Here's what I don't get about Louisville and the restoration of Bobby Petrino.
U of L is coming off one of the historically great athletic years for any school ever. Its football program is 23-3 over the past two seasons, with bowl wins over Florida and Miami (Fla.). Next year, Louisville joins the Atlantic Coast Conference, a move that secures the Cardinals a place in the top tier of major college sports.
If ever a school seeking a new head football coach was operating from a position of strength, it was U of L. Yet bringing back Petrino, an unusually gifted football mind who carries more baggage than Delta Airlines, feels to me like a move born of insecurity.
If the Louisville football job is as good as it claims — and U of L Athletics Director Tom Jurich said Thursday he thinks it's "a top-10 job in America" — shouldn't the Cardinals have been able to hire a coach capable of producing high-level results minus Petrino's history of frantic job-seeking, public mendacity and motorcycle mishaps?
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For the second time in 12 years, Louisville introduced Petrino, now 52, as its new head football coach Thursday in Papa John's Cardinal Stadium. Not two full years since Petrino's coaching career seemed in ruins after his dismissal at Arkansas over the ramifications from a sex scandal, he is again a head coach in one of college football's five "major" conferences.
Even Petrino seemed stunned by his quick return to good fortune.
After Arkansas, "I didn't know if I would ever get the opportunity (to coach at a high level) again," the coach said.
Other than hiring Rick Pitino off the rebound from his failure with the Boston Celtics, Jurich has built his considerable reputation with an uncanny ability to tap up-and-coming coaching talent. Jeff Walz (women's basketball), Dan McDonnell (baseball) and football coaches Charlie Strong and Petrino 1.0 have all led U of L to enormous success after Jurich gave them their first head coaching jobs.
I asked the Louisville AD why he didn't opt for a similar candidate this time rather than a coach with, let's say, an unusually complicated past?
"First of all, (Petrino represented) the opportunity to get somebody very seasoned as we head into the ACC," Jurich said. "Somebody who is definitely a changed person. And I don't think anybody would ever quarrel with his knowledge of the game. Ever. He's as good as anybody I've ever been around."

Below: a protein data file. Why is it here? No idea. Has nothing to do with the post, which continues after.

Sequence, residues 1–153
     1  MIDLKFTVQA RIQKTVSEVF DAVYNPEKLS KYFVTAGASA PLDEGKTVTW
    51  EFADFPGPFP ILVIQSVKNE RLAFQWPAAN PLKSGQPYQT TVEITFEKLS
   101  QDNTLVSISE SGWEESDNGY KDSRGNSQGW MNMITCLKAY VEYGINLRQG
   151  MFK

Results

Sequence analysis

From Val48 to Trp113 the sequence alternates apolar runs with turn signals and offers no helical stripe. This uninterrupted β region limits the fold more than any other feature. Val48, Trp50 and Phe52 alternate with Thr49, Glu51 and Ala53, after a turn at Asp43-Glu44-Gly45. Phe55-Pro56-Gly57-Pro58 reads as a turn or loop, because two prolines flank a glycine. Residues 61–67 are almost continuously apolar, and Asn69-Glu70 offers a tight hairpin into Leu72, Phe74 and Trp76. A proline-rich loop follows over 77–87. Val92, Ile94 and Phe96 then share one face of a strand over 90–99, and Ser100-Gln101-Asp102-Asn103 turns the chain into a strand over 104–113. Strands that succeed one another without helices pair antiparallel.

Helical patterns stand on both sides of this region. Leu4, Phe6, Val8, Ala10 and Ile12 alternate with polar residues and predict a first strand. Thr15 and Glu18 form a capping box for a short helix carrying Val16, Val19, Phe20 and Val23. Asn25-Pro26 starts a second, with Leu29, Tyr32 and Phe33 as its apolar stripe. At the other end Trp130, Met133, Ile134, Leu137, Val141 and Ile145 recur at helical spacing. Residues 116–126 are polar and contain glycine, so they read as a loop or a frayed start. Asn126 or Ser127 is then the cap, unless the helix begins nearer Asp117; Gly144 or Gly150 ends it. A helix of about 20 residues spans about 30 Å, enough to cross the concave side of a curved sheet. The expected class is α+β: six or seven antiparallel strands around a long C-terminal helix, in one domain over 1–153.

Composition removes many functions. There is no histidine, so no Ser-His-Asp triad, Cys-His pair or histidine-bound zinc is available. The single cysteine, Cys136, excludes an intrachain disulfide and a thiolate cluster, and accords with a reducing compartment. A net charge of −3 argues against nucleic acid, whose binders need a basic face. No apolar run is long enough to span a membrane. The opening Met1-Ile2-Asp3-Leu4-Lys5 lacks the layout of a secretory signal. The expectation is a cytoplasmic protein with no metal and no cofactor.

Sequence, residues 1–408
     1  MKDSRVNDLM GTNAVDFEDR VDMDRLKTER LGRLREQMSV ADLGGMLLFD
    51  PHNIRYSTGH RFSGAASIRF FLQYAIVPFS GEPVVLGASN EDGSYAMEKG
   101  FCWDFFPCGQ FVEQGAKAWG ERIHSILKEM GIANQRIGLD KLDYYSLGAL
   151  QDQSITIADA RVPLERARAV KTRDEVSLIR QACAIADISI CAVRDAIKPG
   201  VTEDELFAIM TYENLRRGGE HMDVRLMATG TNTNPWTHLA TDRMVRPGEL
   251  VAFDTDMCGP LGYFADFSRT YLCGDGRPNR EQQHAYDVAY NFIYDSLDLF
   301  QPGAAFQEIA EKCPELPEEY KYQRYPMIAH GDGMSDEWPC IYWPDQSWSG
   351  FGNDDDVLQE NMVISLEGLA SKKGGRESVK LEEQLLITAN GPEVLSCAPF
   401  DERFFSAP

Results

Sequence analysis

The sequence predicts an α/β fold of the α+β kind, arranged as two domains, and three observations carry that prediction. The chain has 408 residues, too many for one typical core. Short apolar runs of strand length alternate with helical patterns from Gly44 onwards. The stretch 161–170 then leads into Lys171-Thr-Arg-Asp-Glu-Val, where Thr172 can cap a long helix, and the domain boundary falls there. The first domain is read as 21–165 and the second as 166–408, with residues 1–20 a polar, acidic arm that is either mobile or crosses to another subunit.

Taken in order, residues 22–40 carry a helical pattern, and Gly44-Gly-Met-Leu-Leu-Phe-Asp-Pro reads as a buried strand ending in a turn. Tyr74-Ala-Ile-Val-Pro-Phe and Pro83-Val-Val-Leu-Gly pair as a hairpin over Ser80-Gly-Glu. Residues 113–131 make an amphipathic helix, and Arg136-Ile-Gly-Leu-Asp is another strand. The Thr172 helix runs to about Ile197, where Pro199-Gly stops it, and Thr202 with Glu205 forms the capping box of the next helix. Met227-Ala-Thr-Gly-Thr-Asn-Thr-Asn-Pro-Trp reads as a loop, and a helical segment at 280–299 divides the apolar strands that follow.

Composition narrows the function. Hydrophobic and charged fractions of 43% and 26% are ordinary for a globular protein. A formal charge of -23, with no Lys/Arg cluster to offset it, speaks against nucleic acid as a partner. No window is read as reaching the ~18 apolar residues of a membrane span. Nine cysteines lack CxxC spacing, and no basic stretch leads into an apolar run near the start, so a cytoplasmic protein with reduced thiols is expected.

Not shockingly, the idea of a "New Petrino" was the dominant theme of the coach's second U of L introductory news conference. Jurich framed the decision to "bring Bobby back" about as cleverly as possible.
First, the Louisville AD said the person who really sold him on rehiring Petrino was the coach's wife, Becky. "(Petrino) pretty much told me they were doing great, but I wanted to hear it from her," Jurich said. "I wanted to look her in the eye. And she sold me. She sold me that there's a 'new Bobby Petrino.'"
Subtext for anyone offended by Petrino's alleged affair with a much younger former Arkansas volleyball player: 'Hey, his wife has forgiven him. Why can't you?'
Next up, Jurich said he started what became a more than eight-hour interview with the coach for Charlie Strong's old job by letting Petrino have it over his behavior in his first stint (2003-06) as Louisville head man.
Back then, Bobby P. made clandestine flirtations with other coaching jobs a constant part of the Louisville football experience. There was the secret meeting with Auburn behind Jurich's back. The dalliance with LSU only months after signing a 10-year contract extension with U of L.
That does not take into account what was, by all accounts, Petrino's "jerk-like" treatment of Louisville support staff.
"I didn't like him. I really didn't," Jurich said of Petrino back then. "And I told him that. I told him I did not want the coach I had eight years ago. I want the 'new Bobby Petrino.'"
Subtext for anyone offended by Petrino's long history of public dishonesty: 'Hey, nobody has been misled by Bobby Petrino more often than Tom Jurich. If I've forgiven him, why can't you?'"
As a coach, there's no question about Petrino's gifts, especially as an offensive strategist. In his first stint at Louisville, he went 41-9, and his teams scored 40 points or more in 31 of the coach's 50 games. Before he self-destructed at Arkansas, Petrino went 34-17 (2008-11), although he was 17-15 in SEC games.
(It's interesting that Petrino's year of being parked last season at Western Kentucky, where he inherited a veteran-laden 7-6 team and went "only" 8-4, is the least impressive part of his college head coaching résumé).
In the big picture, the decision to bring back Petrino — plus U of L holding on to football assistant Clint Hurtt even after the NCAA sanctioned him for his role in the Miami/Nevin Shapiro recruiting scandal — leaves Louisville more than open to questions about whether its thirst for sports success has become a bit too acute.
On the Sports Illustrated website, Stewart Mandel wrote, "Now we're getting a better window into why Jurich's teams win so much. He apparently cares about nothing else. If he did he wouldn't possibly hire back Petrino."
At a time when U of L had so much going for it, I can't help thinking it should have been able to find a coach who could produce Petrino-like results without bringing Petrino-like baggage.